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Child labour and supply chain : profitability or (mis)management

Zutshi, Ambika, Creed, Andrew and Sohal, Amrik 2009, Child labour and supply chain : profitability or (mis)management, European business review, vol. 21, no. 1, pp. 42-63.

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Title Child labour and supply chain : profitability or (mis)management
Author(s) Zutshi, Ambika
Creed, Andrew
Sohal, Amrik
Journal name European business review
Volume number 21
Issue number 1
Start page 42
End page 63
Total pages 22
Publisher MCB University Press
Place of publication Braford, England
Publication date 2009
ISSN 0955-534X
1758-7107
Keyword(s) corporate social responsibility
supply chain management
global ulilization
children (age groups)
globalization
Summary Purpose – The purpose of this paper is to provide a realistic assessment, with an historical perspective, of the current practises and progress made by organisations towards elimination of child labour in global supply chains.

Design/methodology/approach – Literature review in the area of use of child labour within the global supply chain was combined with additional information obtained from the company searches of the GRI database, company ranking tables, and other sources.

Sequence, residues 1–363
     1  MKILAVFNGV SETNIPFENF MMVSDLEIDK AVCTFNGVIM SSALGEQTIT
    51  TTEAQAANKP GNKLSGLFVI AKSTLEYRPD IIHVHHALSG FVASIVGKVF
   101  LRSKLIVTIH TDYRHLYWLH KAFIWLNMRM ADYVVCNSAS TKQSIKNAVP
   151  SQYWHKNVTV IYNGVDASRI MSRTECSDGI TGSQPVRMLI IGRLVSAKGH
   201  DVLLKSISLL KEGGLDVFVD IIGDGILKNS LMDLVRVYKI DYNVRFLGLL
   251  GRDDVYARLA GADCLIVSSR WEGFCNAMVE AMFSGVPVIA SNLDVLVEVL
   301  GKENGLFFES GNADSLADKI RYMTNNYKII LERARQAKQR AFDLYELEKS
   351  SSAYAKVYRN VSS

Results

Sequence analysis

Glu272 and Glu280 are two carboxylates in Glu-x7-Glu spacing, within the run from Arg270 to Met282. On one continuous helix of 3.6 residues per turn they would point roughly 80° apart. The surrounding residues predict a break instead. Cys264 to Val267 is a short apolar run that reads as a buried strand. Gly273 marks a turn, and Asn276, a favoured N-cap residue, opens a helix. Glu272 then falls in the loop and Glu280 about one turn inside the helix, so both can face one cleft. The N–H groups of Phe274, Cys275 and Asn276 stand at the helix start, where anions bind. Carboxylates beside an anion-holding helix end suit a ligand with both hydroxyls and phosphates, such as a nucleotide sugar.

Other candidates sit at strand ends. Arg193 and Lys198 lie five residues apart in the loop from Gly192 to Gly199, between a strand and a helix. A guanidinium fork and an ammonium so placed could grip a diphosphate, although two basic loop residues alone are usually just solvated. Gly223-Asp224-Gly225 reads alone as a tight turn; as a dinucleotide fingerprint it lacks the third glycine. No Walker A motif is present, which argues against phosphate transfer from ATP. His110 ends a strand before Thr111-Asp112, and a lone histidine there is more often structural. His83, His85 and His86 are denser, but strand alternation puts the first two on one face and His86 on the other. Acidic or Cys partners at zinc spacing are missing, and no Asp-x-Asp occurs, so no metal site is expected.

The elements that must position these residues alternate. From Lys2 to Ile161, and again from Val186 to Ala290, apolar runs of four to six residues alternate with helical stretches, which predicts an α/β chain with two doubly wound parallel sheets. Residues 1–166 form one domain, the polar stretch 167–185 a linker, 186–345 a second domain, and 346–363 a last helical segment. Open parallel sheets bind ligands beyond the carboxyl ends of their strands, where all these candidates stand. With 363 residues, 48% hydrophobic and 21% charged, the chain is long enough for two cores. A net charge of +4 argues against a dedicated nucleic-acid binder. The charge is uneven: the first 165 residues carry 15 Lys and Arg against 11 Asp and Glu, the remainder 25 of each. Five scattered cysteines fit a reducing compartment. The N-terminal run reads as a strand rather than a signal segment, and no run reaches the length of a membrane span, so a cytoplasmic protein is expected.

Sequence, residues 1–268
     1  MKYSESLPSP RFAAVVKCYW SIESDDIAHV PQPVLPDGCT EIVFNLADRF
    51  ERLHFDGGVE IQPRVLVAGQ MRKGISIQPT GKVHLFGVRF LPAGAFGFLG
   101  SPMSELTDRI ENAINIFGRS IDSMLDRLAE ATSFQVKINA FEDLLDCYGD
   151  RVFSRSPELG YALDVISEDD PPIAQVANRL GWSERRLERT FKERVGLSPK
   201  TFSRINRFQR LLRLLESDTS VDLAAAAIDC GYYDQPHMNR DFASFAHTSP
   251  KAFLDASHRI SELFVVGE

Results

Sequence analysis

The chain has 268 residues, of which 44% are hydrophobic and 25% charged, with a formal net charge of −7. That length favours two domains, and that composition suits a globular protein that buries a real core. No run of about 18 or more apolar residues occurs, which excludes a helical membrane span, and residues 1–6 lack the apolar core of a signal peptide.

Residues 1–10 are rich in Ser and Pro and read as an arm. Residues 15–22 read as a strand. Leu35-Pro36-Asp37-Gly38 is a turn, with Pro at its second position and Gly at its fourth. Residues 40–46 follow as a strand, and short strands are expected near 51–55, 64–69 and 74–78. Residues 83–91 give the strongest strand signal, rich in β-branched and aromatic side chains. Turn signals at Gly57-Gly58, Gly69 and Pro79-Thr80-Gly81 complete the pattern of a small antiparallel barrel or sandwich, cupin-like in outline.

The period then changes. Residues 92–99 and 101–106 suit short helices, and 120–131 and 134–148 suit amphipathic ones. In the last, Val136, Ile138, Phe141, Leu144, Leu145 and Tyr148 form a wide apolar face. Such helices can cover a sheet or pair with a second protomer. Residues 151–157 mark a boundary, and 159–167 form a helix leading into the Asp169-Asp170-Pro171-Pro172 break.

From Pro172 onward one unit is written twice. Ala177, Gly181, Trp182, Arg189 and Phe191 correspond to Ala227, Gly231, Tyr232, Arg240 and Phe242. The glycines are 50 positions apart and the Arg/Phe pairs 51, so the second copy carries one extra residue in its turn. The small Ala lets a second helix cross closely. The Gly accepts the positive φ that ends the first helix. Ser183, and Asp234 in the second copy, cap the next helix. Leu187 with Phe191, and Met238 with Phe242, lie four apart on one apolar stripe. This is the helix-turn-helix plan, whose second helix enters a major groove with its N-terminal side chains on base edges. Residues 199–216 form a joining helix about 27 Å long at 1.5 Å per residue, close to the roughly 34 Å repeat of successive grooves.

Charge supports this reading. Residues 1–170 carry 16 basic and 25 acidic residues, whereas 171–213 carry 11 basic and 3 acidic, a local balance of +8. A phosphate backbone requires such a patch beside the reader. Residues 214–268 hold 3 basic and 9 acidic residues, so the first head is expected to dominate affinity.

Findings – Child labour is one of a number of areas of concern in global supply chains. Continued exploitation of child labour indicates an imbalanced state and consequently forces can be unleashed through standardization, collaboration and communication amongst all stakeholders to ensure protection of the vulnerable. This paper is part of the broader analysis informing incremental changes to supply chain management to preserve the rights and welfare of children in the present and future generations. Research/limitations/implications – The analysis is based on secondary data sources and further research is thus needed to verify the individual weightings of the criteria used in the primary ranking of the companies.

Practical implications – The findings provide encouragement for policy and decision makers to implement incremental changes to global supply chains in order to protect the rights and welfare of children, according to the standards of Social Accountability (SA) 8000, the International Labour Organisation (ILO), and other world trade stakeholders.

Originality/value – This paper questions the view that child labour incidences have diminished proportional to economic development. A swinging fulcrum with hidden traps for developed and developing nations in light of cross border transactions through supply chains has been proposed.
Notes Reproduced with kind permission of the copyright owner.
Language eng
Field of Research 150305 Human Resources Management
Socio Economic Objective 910402 Management
HERDC Research category C1 Refereed article in a scholarly journal
HERDC collection year 2009
Copyright notice ©2009, Emerald Group Publishing
Persistent URL http://hdl.handle.net/10536/DRO/DU:30016663

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Every reasonable effort has been made to ensure that permission has been obtained for items included in DRO. If you believe that your rights have been infringed by this repository, please contact drosupport@deakin.edu.au.